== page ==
Something is missing with Gray, something between the lines and off the scorebook. He can dominate an at-bat with overpowering stuff, with a fastball-slider combo among the best in the National League. But he can’t always dominate a game.

This is something learned, not given.

Again, consider the introspection. I am in awe of Gray’s ability to be so publicly honest about himself. He is confessing his struggles as a pitcher. He does not shirk responsibility, and he does not blame others. He risks ridicule for his self-reflection (say, being called a “head case”), and yet he does it.

As it happens, I watched Gray pitch against the Reds last Friday, my first trip to Coors Field. I was about 200 feet from the pitcher’s mound, too far away to see the details of his work with Tony Wolters. Gray struggled in the first inning, which was not unusual, and it ended with the Rockies behind, 2-0. I wondered how Gray managed to keep his composure after being down so early in the game. But he did, and he came back.

The next day, Nick Groke of The Athletic published an article outlining the conversations that Gray was having with himself and with Wolters:

Jon Gray toiled through seeing-eye singles and a parade of Reds batters early Friday as Coors Field squeezed him. The friendliest ballpark in baseball can hide a wicked scowl when a pitcher is struggling. What Gray needed was the feel.

So the Rockies’ starter shook off his catcher, twice, saying no to a fastball and a slider, looking for a signal to the pitch in his grasp.

“I knew exactly what I wanted,” Gray said. “I shook through to a curveball once and put it right on the plate where I wanted it and I was like, ‘Yes, that’s what you need to do. That’s it. You should do that every time.’ ”

Gray is talking to himself on the mound, trying to make peace between the dominant and talented Gray and the lost and frustrated Gray.

All of this happened in front of more than 33,000 people at Coors Field and a much larger media audience. Here’s Groke’s take: “Gray told himself he needed to not give Joey Votto and the Reds too much credit. Hitting is hard, Gray said, and he knows the right pitch mix and the correct locations can save his game.”

I am not sure I have seen Groke take such psychological liberties with any other Rockies player — Gray has, effectively, allowed a journalist into the intimacy of his mind. It suggests that Gray is not a “head case” but is instead confident enough not only to pitch in front of thousands but also to confess his problems to them.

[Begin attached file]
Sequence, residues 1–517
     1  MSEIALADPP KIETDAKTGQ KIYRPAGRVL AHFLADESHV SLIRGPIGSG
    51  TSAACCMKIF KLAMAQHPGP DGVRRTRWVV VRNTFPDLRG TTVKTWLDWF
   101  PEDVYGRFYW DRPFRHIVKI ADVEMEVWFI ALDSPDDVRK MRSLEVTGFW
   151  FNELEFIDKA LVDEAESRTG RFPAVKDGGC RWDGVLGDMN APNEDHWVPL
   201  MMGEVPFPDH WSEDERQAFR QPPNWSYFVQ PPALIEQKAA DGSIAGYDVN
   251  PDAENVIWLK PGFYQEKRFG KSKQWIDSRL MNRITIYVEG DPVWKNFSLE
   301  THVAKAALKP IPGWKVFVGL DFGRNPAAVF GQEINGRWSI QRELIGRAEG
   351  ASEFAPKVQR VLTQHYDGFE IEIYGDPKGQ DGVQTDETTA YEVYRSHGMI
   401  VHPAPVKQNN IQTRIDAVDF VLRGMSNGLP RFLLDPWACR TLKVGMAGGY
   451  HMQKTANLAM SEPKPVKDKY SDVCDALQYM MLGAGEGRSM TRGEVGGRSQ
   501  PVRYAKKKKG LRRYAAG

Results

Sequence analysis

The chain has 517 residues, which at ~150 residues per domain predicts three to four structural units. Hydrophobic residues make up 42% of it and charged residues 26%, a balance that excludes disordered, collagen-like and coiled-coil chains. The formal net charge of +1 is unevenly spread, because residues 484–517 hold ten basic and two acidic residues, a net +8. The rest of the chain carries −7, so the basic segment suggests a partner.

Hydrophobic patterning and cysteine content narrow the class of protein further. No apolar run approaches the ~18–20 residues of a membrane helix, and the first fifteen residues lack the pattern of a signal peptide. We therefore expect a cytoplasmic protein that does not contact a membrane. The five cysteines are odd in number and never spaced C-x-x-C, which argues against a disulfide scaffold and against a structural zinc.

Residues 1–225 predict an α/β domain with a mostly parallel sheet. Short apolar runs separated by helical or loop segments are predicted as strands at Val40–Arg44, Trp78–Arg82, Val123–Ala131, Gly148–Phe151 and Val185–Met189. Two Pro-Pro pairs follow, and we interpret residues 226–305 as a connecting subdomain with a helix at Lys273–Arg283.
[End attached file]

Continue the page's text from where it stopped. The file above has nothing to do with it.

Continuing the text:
Research Professor Brene Brown would call this “The power of vulnerability” (watch her Ted Talk for more). Those tough fan comments strike me as expressions of discomfort with watching Gray articulate vulnerability. They want him to be a fully formed ace; he knows there’s more to it.

By the way, Bud Black is absoutely the right teacher for him. As Groke observes, “Black toughed out a successful major-league pitching career, over 15 seasons and one World Series, because he grew a mental callus before he was thrown to the fire. He learned to tough it out.” In addition to “toughing it out,” Gray is “talking it out.”

Other Rockies pitchers routinely discuss their poor performances, but Gray’s introspection is of another order. Fans and some journalists seem less tolerant. I suspect this is, in part, because when he implodes he does so spectacularly, which makes him seem physically vulnerable, and after those episodes, he is deeply introspective, making himself even more vulnerable. To be vulnerable is, traditionally, seen as feminine, something most fans aren’t looking for in their sports idols. Add to that Gray’s distinctive (maybe even feminine) hair, and he becomes an athlete subverting some key sports expectations. But none of that has anything to do with his skills and his struggles as a pitcher.

Jon Gray isn’t a “head case.” He’s a talented pitcher with a track record of success who is struggling. But we’re going to have to be patient with him while he gets back to where he was. While we wait, we can use it as an opportunity to take inspiration from Gray and exercise some introspection ourselves.